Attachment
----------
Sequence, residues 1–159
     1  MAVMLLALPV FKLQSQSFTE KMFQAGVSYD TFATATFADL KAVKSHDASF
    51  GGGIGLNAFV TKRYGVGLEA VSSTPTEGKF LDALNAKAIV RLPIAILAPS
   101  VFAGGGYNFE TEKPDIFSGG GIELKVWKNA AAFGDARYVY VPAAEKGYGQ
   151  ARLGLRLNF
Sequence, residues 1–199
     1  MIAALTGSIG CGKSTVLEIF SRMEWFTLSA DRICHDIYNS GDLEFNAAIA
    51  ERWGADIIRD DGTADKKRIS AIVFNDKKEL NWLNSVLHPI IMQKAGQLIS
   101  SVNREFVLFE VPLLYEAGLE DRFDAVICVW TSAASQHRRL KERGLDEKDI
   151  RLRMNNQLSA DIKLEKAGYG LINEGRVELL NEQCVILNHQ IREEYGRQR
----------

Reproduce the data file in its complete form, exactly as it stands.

Sequence, residues 1–159
     1  MAVMLLALPV FKLQSQSFTE KMFQAGVSYD TFATATFADL KAVKSHDASF
    51  GGGIGLNAFV TKRYGVGLEA VSSTPTEGKF LDALNAKAIV RLPIAILAPS
   101  VFAGGGYNFE TEKPDIFSGG GIELKVWKNA AAFGDARYVY VPAAEKGYGQ
   151  ARLGLRLNF
Sequence, residues 1–199
     1  MIAALTGSIG CGKSTVLEIF SRMEWFTLSA DRICHDIYNS GDLEFNAAIA
    51  ERWGADIIRD DGTADKKRIS AIVFNDKKEL NWLNSVLHPI IMQKAGQLIS
   101  SVNREFVLFE VPLLYEAGLE DRFDAVICVW TSAASQHRRL KERGLDEKDI
   151  RLRMNNQLSA DIKLEKAGYG LINEGRVELL NEQCVILNHQ IREEYGRQR